When administered alone, eptifibatide has no measurable effect on prothrombin time (PT) or activated partial thromboplastin time (aPTT). (See also PRECAUTIONS : Drug Interactions.)
There were no important differences between men and women or between age groups in the pharmacodynamic properties of eptifibatide. Differences among ethnic groups have not been assessed.
The pharmacokinetics of eptifibatide are linear and dose-proportional for bolus doses ranging from 90 to 250 µg/kg and infusion rates from 0.5 to 3.0 µg/kg/min. Plasma elimination half-life is approximately 2.5 hours. The recommended regimens of a bolus followed by an infusion produce an early peak level, followed by a small decline with attainment of steady state within 4-6 hours. The extent of eptifibatide binding to human plasma protein is about 25%.
Excretion and Metabolism. Clearance in patients with coronary artery disease is 55-58 mL/kg/h. In healthy subjects, renal clearance accounts for approximately 50% of total body clearance, with the majority of the drug excreted in the urine as eptifibatide, deamidated eptifibatide, and other, more polar metabolites. No major metabolites have been detected in human plasma. Clinical studies have included 2418 patients with serum creatinine between 1.0 and 2.0 mg/dL (for the 180 µg/kg bolus and the 2.0 µg/kg/min infusion) and 7 patients with serum creatinine between 2.0 and 4.0 mg/dL (for the 135 µg/kg bolus and the 0.5 µg/kg/min infusion), without dose adjustment. No data are available in patients with more severe degrees of renal impairment, but plasma eptifibatide levels are expected to be higher in such patients (see CONTRAINDICATIONS ).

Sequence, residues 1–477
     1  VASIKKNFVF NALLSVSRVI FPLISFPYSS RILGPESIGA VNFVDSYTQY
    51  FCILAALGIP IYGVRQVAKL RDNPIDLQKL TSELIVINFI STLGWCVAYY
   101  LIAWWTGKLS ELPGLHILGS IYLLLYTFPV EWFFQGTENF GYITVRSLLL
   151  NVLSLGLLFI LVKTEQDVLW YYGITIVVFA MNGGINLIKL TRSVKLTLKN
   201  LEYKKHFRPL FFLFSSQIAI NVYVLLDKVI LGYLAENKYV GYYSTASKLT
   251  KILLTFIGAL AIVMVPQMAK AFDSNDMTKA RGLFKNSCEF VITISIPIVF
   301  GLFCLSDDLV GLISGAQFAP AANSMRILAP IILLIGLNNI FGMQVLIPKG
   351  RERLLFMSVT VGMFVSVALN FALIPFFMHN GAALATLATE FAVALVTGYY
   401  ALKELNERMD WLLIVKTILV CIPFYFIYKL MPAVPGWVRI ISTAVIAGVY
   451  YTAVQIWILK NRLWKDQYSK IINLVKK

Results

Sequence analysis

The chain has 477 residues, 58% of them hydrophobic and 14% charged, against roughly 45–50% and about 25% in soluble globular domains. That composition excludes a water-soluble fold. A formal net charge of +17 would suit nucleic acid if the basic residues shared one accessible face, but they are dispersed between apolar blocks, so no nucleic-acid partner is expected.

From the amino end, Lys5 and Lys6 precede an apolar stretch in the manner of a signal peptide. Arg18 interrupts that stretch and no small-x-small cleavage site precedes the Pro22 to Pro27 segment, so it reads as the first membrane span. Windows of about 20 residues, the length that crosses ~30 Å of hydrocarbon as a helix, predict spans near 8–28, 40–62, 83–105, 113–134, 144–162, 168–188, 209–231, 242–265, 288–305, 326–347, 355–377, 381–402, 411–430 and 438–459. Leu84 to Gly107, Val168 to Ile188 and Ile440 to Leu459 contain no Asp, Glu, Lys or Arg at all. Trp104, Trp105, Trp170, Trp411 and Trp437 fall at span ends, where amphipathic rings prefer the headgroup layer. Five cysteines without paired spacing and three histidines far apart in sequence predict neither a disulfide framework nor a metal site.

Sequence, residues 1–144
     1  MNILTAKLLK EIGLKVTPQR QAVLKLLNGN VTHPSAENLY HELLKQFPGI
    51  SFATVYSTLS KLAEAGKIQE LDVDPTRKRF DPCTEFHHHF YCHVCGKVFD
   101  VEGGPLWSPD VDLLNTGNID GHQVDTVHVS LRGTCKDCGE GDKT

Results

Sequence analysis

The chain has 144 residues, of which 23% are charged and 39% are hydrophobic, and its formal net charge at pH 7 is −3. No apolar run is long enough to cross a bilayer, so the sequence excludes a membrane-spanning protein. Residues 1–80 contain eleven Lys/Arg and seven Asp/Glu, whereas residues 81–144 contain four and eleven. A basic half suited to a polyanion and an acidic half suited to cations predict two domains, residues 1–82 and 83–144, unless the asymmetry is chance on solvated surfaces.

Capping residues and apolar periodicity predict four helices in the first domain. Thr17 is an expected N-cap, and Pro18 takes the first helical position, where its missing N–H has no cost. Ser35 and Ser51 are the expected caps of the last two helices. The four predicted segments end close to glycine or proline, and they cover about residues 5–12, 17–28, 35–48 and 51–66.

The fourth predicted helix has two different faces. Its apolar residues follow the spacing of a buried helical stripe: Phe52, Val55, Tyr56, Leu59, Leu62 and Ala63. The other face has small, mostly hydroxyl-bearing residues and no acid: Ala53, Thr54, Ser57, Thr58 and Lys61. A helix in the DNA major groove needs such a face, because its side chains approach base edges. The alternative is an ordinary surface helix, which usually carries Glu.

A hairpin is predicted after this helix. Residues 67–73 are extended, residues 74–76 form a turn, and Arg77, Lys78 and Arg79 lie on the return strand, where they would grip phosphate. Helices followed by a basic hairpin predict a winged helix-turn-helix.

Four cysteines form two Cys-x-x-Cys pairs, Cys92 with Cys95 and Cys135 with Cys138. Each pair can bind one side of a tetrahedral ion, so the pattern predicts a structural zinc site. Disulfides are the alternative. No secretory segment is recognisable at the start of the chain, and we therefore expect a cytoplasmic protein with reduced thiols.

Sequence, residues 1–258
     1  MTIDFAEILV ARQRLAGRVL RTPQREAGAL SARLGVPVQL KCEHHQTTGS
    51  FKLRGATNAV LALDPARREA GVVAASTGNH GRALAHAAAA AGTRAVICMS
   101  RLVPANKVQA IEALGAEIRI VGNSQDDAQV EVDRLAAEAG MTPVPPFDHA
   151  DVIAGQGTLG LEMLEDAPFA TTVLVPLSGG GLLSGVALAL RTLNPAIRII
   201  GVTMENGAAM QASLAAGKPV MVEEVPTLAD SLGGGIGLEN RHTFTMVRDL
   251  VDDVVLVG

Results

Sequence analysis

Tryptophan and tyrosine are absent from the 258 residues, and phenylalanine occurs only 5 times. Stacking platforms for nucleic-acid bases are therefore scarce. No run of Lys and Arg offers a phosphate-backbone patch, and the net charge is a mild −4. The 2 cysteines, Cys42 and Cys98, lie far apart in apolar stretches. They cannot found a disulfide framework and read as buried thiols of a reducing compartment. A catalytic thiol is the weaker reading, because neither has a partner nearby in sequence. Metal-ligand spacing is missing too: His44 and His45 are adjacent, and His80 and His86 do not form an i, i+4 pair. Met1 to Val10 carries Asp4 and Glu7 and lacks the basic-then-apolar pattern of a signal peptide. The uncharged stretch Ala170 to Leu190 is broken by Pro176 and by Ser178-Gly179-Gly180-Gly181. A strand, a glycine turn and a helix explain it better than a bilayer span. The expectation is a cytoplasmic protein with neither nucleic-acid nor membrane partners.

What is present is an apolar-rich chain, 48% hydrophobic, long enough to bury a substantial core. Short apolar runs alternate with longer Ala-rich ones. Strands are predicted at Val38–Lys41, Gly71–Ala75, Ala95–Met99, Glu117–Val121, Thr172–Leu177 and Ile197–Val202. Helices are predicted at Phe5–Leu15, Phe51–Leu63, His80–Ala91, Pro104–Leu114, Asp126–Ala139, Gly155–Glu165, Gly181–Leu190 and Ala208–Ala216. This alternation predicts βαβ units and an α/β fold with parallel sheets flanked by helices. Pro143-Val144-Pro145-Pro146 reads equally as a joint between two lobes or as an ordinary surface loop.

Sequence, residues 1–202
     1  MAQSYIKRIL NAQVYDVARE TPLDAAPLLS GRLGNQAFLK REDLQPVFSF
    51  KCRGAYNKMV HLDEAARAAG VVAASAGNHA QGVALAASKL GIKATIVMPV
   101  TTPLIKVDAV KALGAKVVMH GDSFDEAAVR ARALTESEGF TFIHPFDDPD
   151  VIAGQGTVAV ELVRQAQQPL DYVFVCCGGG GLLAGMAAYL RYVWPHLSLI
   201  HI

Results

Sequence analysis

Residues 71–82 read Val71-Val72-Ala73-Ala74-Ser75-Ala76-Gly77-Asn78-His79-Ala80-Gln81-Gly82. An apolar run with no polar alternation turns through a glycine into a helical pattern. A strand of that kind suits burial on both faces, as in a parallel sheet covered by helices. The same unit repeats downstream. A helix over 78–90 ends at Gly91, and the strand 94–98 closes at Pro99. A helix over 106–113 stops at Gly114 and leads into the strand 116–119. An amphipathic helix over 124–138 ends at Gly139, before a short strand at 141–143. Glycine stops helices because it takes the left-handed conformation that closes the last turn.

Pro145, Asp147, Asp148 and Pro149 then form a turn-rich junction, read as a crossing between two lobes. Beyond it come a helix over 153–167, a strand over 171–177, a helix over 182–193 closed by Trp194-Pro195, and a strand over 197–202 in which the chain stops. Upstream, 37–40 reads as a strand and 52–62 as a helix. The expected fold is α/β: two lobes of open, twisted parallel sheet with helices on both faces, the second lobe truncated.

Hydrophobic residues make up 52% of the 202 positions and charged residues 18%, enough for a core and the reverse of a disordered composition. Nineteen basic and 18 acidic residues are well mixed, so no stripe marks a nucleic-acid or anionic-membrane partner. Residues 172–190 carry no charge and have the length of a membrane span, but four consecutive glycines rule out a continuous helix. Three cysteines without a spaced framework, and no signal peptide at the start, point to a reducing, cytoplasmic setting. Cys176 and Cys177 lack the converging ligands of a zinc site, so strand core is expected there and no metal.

Special Populations. Patients in clinical studies were older than the subjects in clinical pharmacology studies, and they had lower total body eptifibatide clearance and higher eptifibatide plasma levels. Clinical studies were conducted in patients aged 20 to 94 years with coronary artery disease without dose adjustment for age. Because patients over 75 years of age were enrolled into the PURSUIT clinical study only if their body weight exceeded 50 kg, minimal data are available on lighter-weight patients over 75 years of age. Men and women showed no important differences in the pharmacokinetics of eptifibatide.
Eptifibatide was studied in two placebo-controlled, randomized studies, one (PURSUIT) in patients with acute coronary syndrome (unstable angina (UA) or non-Q-wave myocardial infarction (NQMI)), the other (IMPACT II) in patients about to undergo a percutaneous cardiovascular intervention (PCI; balloon angioplasty in most cases, but sometimes directional atherectomy, transluminal extraction catheter atherectomy, rotational ablation atherectomy, or excimer-laser angioplasty).